Exhuberant and witty, Hail the New Puritan is a simulated day-in-the-life "docufantasy" starring the British dance celebrity Michael Clark. Atlas' fictive portrait of the charismatic choreographer serves as a vivid invocation of the studied decadence of the 1980s post-punk London subculture. Contriving a faux cinema-verite format in which to stage his stylized fiction, Atlas seamlessly integrates Clark's extraordinary dance performances into the docu-narrative flow. Focusing on Clark's flamboyantly postured eroticism and the artifice of his provocative balletic performances, Atlas posits the dance as a physical manifestation of Clark's psychology. From the surreal opening dream sequence to the final solo dance, Clark's milieu of fashion, clubs and music signifies for Atlas "a time capsule of a certain period and context in London that's now gone.
Director/Editor: Charles Atlas. Choreography: Michael Clark. Dancers: Gaby Agis, Leslie Bryant, Michael Clark, Matthew Hawkins, Julie Hood, Ellen van Schuylenburch. Music: Glenn Branca, The Fall, Bruce Gilbert, Jeffrey Hinton. Camera: John Simmons. Producer: Jolyon Wimhurst.
Friday, October 20, 2017
Get Rid of Yourself is a video-film-tract addressed to those who anonymously embody the return of political activism within Empire. While its initial sounds and images were filmed during the riots in Genoa, 2001, these materials are pulled apart and recomposed in order to locate the intensity of a shared experience, rather than producing one more documentary version of the programmed and hyper-mediatized confrontation of the G8 counter-summit. Elaborating a complex and rhythmic form of address via sound/image disjunctions, cheap video effects and performance, the film declares its own exile from a biopolitical space-time where nothing ever happens. The crisis it announces is the sudden return of history, but this time without characters or a story, and of a politics without subjects.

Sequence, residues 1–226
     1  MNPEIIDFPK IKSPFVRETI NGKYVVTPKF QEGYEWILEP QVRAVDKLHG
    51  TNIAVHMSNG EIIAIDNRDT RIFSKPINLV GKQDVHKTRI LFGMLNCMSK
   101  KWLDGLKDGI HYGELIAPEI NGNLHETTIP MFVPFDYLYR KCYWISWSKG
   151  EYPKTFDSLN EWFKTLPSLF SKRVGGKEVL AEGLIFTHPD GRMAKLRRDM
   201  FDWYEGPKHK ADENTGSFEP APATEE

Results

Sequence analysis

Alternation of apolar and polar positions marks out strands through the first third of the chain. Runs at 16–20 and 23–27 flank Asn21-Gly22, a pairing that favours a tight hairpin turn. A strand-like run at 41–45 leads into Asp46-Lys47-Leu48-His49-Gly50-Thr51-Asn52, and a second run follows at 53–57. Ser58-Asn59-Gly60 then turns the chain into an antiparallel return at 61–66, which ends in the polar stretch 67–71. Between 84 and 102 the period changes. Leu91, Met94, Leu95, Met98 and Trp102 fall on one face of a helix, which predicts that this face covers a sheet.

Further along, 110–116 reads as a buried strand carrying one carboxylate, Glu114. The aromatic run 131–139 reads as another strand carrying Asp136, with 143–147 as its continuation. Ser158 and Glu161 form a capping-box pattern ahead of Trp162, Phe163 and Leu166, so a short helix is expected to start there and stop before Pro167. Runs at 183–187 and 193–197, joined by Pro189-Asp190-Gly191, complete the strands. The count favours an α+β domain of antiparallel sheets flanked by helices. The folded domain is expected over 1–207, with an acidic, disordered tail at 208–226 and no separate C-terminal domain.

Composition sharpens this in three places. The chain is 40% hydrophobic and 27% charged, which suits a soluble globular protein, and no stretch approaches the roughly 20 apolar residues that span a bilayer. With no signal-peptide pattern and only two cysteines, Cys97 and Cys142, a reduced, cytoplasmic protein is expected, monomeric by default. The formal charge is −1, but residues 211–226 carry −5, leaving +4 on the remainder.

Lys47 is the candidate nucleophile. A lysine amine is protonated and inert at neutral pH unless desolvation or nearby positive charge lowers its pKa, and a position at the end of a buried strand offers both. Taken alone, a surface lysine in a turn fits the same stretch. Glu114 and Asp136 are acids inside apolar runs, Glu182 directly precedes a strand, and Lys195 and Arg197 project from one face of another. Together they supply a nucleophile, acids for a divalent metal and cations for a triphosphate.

Provisionally aligning itself with the so-called Black Bloc' movement with the arrogance of its discourse as well as the force and style of their resistance Get Rid of Yourself is an encounter with emerging, non-instituted or identity-less forms of protest that refuse the representational politics of the official Left. Edited in the aftermath of 9/11 - a period of doubt, reflection and heightened security measures worldwide the film also attempts to measure the strange distance these events have crossed, and the increasing repression under which the feeling of civil war' has been buried in the meantime. A filmed essay that works by betraying its own form, Get Rid of Yourself tries to approach what is most open in an event, rather than capturing and completing it as something recognizable.